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Corum Swiss Automatic Mechanical Vintage Watches Complete Guide-Review

Updated on January 6, 2015

Corum Swiss Watches

Corum joined the prestigious club of high-end luxury Swiss watchmakers in 1955. Its history, though short, presents a fascinating journey of a brand that started as an all-round luxury fashion watch company, only later to make a turn towards high-end horology: a complete transformation of design philosophy and principles.

The various watch collections embody this shift, demonstrating how Corum changed early zest for fashion to a more weighed, deliberate interest in pure horology and micro-engineering.

Eventually, unique movement architecture substituted decorative case and bezel designs, and elaboration in the field of automatic complications pushed out playful ornamentation.Today, fashion models no longer in production comprise a lively vintage market, while several active collections represent working philosophy.

Corum Manufacture
Corum Manufacture


Despite being a relatively new brand, Corum succeeded in forging their original style – a mark of both industry longevity and ambition. In fact, the company's designers managed to do this twice: first in creating fashion oriented jewelry pieces characteristic of the brand's early output, and second in composing the unmistakable, super-calm, imperious look of the later period, the one which dominates today's collections.

Respectively, Bubble, Trapeze, Sugar Cube, and other ladies watches display a light, playful attitude: visual aesthetics play a primary role, sometime flirting with high-fashion avant-guard. On the other hand, contemporary collections such as Admiral's Cup, Golden Bridge, Romulus, and Coin veer to monumental seriousness.

These watches exhibit polygonal, multi-tiered complexity, revelling in the sophistication of almost every aspect of watch design: dial organization and ornamentation (indexes, subdials, numerals), bezel and case relationship (architecture, marking), bracelet interaction with the other parts, and so on.


As of 2009, Corum have manufactured two in-house movements. This may not seem much, but for a new brand competing in a 300 year old industry it's an important step towards long-term stability : only a select few make their own automatic movements.

Considering the discussed shift towards horology, connoisseurs might rightfully expect more in-house movements to be produced in the future; Corum's strategy of boasting their mechanical achievements in unusual skeleton and openworked dials portend well in that direction.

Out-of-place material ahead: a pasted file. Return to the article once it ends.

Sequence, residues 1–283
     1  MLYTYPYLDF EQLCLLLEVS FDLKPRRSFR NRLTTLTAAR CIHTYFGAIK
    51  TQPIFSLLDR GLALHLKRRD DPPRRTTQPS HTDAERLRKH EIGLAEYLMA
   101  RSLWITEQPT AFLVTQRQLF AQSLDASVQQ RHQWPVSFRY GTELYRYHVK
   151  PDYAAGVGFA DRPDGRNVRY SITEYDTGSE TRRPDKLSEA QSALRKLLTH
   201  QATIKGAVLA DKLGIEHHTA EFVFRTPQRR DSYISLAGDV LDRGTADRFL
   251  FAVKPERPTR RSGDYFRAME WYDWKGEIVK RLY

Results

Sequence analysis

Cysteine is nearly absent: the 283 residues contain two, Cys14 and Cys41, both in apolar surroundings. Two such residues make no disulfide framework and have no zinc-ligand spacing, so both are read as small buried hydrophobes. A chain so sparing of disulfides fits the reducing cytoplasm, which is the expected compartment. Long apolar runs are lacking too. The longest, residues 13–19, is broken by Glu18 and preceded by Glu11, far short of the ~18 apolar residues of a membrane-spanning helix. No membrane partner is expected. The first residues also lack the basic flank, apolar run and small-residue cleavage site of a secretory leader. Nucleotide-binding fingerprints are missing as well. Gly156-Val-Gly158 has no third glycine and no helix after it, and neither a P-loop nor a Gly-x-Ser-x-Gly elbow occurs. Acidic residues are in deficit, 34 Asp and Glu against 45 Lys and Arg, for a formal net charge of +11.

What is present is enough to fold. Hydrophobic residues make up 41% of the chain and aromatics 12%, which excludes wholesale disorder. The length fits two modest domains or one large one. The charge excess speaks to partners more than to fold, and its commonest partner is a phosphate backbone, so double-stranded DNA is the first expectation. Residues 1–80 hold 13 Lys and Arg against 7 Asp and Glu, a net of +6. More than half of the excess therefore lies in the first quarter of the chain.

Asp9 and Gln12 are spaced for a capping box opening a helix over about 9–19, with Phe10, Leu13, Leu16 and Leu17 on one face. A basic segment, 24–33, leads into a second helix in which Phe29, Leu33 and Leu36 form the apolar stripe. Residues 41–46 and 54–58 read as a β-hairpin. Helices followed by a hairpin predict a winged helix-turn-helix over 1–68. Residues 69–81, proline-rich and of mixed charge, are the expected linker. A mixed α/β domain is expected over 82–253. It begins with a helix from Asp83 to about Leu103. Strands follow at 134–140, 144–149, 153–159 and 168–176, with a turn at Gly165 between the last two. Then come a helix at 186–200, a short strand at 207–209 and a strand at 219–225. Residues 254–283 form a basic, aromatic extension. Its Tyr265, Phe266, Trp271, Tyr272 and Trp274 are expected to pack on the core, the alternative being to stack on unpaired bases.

Currently available complications include tourbillon, split-seconds chronograph, various tide related indicators (no other watch brand, to my knowledge, has this complication), date, dual time, annual and perpetual calendar, and others.


Corum watches span a range of styles and purposes, all touched by luxury or avant-guard in one way or another. Most of these collections left an indelible mark on the industry, and fascinate aficionados of high fashion and horology alike. Click on the links to navigate to dedicated reviews.

  • Bubble Men's and Bubble Ladies' must be the brand's most popular fashion collections that are no longer in production (effectively making them vintage watches). The striking, literally bubbly design results in a fun-infused and pulsating timer. Both bubble lines use a lot of color, while women's pieces habitually incorporate diamonds; some of the faces display various marine cartoon-like motifs.

  • Pyramid and Trapeze Ladies watches comprise Corum's linear and angular architecture inspired creations: both lines echo pyramids by employing bold, sweeping rectangular or trapezoid shapes; liberal use of diamonds and color add a touch of light fun, while strictly white or black models introduce restraint and minimalism.

  • Sugar Cube and Ovale Ladies collections continue to experiment with case geometry, offering miniature rectangular pieces (reminiscent of Jaeger LeCoultre Jewelry) in the former, and unusually elongated elliptical watches in the latter. Diamonds, colors, and prominent bezels determine the lines' character.

  • Admiral's Cup marks the ever important entrance into contemporary Corum design. It's a master collection that employs a range of complications, capping them with high-tech materials, and precious metals and stones. It's how they combine, however – creating a whole that is so much more than the sum of its parts – that distinguished this rugged, masculine sports line.

  • Romulus watches feature Corum trademark hour-marking system: the numbers were moved from the dials on to the bezels, contributing to an unusually spacious, calm look that oozes control and stability. Harmony plays an important part in this collection, which includes some of the most complicated calibers the brand offers.

  • Golden Bridge watches link between the brand's mechanical exploration (the skeletal “bridge”) and its luxurious jewelry splendor. Even hundreds of diamonds and gold of various colors can't distract from the unorthodox crown placement, the true highlight of this collection.

  • Coin watches make another inroad into untapped design territory: this collection has shocked, and continues to shock by its unprecedented, yet ingeniously simple dial solution. Instant classics, these pieces incorporate 20 and 10 dollar gold coins for the face.

  • Artisan pieces emulate Ulysse Nardin Specialities and Vacheron Constantin Les Masques: all models feature trademark bridge movement inside the case, and carry a thematic picture on the dial: a hand painted tableau of Adam and Eve, Mucha's iconic images, and a tribute to Napoleon's armies.


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